What a difference a week made for javelin thrower Sean Keller of Heritage (Vancouver, Wash.).
With a tired arm and mediocre performances (for him) in meets on back-to-back days, Keller seemed stuck in the 211-to 214-foot range.
On Saturday at the Centennial Invitational in Gresham, Ore., Keller said he was "stoked" after breaking his own Washington state record and moving to No. 2 all-time with 244-1 on his first attempt. On his second throw, Keller hit 242 feet. His third went 228 and then he withdrew from the competition because the force of his blocking was causing pain in his ankle.
Keller missed the national federation (in-season, high-school-only competion) record held by Sam Crouser by one inch. Crouser's all-time national record is 255-4, set in 2010.
Now Keller is renewed in his belief that he can get that record.
"I know I can do it," Keller said. "I'm coming after it."
After winning the javelin at the Oregon Relays last week with 213-11, officials weighed his javelin and found that it was too heavy by 28 grams. Keller decided to set that javelin aside and only use it for practice and returned feeling rested and ready to throw the usual 800-gram javelin.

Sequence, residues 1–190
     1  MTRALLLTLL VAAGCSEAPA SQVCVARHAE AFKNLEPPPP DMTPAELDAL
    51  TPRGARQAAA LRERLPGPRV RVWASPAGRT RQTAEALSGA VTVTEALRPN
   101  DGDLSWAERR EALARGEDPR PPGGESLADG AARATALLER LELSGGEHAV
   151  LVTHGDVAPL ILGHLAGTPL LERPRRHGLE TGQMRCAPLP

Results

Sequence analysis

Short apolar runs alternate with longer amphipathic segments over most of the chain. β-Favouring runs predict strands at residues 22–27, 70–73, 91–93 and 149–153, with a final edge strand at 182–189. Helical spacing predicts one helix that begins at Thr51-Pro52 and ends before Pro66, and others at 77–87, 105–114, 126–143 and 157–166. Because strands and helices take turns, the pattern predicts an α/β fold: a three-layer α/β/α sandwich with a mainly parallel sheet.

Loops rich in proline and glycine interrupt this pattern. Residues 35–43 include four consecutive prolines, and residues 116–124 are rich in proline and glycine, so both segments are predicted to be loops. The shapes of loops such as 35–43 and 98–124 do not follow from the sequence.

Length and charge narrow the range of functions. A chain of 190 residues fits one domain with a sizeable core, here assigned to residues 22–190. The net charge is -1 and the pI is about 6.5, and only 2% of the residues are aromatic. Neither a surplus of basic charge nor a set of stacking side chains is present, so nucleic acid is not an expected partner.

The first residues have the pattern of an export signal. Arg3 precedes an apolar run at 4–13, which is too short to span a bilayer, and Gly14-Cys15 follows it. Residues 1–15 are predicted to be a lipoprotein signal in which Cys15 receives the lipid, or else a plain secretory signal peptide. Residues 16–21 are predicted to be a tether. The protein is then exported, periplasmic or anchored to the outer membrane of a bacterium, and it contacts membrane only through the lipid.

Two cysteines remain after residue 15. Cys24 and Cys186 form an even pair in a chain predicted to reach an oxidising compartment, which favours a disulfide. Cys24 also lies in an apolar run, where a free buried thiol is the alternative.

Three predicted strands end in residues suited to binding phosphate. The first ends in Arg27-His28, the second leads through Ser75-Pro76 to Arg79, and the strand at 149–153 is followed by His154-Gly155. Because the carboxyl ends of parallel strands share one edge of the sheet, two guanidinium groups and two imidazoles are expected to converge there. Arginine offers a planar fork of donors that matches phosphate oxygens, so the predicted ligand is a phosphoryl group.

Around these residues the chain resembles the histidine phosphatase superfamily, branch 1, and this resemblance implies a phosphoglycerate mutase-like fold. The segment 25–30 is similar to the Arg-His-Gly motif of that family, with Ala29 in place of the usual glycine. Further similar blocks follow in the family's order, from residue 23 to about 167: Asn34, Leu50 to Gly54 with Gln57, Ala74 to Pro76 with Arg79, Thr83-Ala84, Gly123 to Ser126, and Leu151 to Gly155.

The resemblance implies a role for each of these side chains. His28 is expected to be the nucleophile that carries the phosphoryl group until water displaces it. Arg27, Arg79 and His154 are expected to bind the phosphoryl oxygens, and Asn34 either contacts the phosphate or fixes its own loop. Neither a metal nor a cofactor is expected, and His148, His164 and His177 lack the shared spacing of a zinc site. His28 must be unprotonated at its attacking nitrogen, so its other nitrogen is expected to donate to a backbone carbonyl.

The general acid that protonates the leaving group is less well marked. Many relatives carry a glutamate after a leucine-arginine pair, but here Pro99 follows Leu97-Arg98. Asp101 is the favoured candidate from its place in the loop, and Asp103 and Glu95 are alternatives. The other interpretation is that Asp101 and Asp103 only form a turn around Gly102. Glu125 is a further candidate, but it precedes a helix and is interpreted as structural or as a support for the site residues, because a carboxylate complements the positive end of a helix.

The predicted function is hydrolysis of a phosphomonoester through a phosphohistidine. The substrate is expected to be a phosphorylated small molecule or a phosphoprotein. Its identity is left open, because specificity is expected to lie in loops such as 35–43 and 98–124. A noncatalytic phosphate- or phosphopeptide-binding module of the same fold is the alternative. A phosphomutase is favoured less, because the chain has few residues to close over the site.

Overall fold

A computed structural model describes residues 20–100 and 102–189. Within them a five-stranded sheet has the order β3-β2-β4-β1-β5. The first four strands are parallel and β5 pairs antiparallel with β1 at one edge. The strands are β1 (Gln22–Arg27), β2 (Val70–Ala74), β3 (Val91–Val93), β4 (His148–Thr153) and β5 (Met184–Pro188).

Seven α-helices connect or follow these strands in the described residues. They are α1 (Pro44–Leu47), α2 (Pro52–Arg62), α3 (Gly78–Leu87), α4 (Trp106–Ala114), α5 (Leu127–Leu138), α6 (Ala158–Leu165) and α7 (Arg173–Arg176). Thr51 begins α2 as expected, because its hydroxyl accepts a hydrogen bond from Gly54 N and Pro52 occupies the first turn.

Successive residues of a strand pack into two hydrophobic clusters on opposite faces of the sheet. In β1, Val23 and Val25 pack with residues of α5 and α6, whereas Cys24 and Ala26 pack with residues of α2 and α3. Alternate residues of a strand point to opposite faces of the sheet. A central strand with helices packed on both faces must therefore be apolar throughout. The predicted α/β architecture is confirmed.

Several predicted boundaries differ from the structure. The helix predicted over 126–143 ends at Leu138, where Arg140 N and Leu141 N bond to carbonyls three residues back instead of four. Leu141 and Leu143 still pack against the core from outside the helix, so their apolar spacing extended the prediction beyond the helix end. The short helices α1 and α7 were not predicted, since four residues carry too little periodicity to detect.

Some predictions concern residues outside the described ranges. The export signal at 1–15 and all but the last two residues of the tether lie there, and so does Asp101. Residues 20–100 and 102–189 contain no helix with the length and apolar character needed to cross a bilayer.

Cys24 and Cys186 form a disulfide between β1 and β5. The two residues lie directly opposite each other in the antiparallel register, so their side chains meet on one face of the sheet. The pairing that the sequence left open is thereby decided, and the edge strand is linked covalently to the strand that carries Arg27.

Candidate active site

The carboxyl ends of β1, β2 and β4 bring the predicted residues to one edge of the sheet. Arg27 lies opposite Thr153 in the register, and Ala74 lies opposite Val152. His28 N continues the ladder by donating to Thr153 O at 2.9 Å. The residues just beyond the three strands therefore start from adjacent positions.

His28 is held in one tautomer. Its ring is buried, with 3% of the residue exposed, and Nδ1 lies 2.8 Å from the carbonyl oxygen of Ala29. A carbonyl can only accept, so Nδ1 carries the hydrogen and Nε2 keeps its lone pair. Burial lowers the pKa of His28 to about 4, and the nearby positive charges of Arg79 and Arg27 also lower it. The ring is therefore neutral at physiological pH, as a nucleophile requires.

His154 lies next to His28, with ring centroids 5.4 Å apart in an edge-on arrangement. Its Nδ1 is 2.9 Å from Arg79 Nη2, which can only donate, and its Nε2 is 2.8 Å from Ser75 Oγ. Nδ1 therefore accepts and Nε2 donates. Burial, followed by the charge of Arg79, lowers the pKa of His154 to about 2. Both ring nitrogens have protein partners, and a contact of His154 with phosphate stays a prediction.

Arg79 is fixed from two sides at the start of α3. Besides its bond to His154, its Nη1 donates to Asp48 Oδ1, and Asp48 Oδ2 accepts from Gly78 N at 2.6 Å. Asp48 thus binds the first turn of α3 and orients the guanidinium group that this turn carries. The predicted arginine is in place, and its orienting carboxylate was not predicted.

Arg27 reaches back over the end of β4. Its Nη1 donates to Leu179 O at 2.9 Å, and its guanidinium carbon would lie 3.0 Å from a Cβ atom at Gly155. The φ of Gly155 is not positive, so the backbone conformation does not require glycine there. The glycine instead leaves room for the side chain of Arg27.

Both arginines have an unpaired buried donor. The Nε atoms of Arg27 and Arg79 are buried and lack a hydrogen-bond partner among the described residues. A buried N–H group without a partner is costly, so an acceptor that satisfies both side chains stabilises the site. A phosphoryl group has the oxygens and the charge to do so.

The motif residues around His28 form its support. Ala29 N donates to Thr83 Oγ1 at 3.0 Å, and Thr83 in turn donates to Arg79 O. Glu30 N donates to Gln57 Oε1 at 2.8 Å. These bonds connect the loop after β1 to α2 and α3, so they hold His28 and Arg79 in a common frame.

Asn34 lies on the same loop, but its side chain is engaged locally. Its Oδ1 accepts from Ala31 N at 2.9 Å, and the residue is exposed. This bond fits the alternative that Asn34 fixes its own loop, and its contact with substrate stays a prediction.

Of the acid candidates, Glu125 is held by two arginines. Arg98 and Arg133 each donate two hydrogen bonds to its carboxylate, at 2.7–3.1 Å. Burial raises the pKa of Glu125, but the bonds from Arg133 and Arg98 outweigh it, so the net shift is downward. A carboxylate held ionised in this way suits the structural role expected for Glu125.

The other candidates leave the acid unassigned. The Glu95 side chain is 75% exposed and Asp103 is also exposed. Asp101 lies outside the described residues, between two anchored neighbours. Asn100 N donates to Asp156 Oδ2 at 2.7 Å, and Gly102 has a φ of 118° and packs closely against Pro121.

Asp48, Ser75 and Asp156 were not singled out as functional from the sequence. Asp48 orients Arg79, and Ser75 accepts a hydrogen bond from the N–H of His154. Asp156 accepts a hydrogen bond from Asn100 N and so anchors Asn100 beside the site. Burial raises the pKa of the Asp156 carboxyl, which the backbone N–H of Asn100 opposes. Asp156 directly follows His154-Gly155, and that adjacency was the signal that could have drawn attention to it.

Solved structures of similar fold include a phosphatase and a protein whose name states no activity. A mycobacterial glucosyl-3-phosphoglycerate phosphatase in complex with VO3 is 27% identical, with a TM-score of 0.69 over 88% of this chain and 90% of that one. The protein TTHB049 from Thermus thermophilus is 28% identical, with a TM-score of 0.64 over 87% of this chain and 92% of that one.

"My arm felt great," Keller said. "I didn't think my arm was going to let me (throw 244)."
Keller set the Washington record at the Centennial Invitational last year when he threw a US-leading 232-1.
His two big throws yesterday are now among the top five of all-time, joining three of Crouser's (255-4, 244-2, 243-3).
Incidentally, Haley Crouser, the girls national record holder, took the week off from competition. She lives a couple of miles from Centennial and won the javelin title there in 2010 and 2011. She initially chose to bypass Centennial out of fear that a planned teacher's strike might close school this week.